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Thomas Buttersworth (fl. 1798-1827)

Thomas Buttersworth (fl. 1798-1827)

The Spanish Prizes captured after the Battle of Cape St Vincent off Lisbon

signed 'T. Buttersworth'; oil on canvas
33 x 56in. (83.7 x 142.2cm.)
United Services Club
Peter Padfield, Nelson's War, London, 1976, illus. opp. p. 140

Lot Essay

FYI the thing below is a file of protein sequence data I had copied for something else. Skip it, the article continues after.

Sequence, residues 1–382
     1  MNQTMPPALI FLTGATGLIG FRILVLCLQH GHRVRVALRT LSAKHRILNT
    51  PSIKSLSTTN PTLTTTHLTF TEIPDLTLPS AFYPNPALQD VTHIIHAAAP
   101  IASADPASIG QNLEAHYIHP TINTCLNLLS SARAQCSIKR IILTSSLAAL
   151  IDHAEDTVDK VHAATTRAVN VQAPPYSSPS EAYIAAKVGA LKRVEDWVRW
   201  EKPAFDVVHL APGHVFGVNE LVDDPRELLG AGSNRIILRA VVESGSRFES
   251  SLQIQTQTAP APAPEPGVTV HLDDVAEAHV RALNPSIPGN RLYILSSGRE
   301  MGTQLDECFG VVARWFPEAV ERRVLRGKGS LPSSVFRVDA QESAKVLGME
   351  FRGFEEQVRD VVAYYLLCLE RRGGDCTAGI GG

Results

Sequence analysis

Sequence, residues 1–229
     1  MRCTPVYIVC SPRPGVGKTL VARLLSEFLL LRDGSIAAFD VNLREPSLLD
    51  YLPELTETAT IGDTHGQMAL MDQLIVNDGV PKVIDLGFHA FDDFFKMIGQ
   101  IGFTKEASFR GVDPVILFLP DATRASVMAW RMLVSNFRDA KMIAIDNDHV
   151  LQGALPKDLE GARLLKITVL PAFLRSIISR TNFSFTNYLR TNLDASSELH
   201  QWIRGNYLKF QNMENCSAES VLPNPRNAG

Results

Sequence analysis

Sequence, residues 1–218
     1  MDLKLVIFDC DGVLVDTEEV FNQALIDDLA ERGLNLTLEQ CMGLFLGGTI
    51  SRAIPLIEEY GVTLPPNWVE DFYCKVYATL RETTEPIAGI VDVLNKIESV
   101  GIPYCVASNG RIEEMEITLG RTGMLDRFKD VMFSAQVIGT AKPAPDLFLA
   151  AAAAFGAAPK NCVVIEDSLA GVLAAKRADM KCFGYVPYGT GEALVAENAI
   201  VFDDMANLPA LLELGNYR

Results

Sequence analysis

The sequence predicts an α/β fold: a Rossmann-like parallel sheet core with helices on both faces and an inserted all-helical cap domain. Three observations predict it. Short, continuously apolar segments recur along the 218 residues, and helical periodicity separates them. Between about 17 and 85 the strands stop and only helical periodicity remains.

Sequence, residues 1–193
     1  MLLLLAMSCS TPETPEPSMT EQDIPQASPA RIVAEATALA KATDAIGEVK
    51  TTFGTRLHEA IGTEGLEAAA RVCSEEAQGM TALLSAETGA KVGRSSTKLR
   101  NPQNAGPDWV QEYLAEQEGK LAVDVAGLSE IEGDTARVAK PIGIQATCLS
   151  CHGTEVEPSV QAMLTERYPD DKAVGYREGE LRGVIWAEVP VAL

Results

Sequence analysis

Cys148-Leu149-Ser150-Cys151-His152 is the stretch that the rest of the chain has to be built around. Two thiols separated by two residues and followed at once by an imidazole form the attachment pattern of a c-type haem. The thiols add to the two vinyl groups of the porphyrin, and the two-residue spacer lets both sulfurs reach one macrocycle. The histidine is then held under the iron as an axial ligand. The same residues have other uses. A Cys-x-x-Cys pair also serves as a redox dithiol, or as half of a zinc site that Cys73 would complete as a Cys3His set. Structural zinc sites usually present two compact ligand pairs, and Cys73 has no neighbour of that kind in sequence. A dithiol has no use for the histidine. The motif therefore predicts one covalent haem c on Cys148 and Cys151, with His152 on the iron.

The British Mediterranean feelt, under the command of Admiral Sir John Jervis, defeated a much larger Spanish force off Cape St Vincent (on the southern tip of Portugal) on 14 February 1797. The battle was the first resounding naval victory of the Napoleonic Wars and was due, in no small part, to Nelson's daring for which he received his knighthood as well as promotion to Rear Admiral. When the action finally ceased in the late afternoon, Jervis found himself in possession of four extremely valuable prizes - the San Josef and the Salvador del Mundo, both three-deckers mounting 112 guns each, the San Nicholas, 80 guns, and the San Ysidor, 74 guns. Several other enemy vessels had also surrendered but with so many British ships badly damaged and thus unable to secure these smaller prizes, they subsequently escaped and rejoined the Spanish fleet which withdrew into Cadiz. The four captured ships-of-the-line were successfully escorted into the safety of the Tagus estuary, off Lisbon, and all were eventually refitted for service within the Royal Navy.


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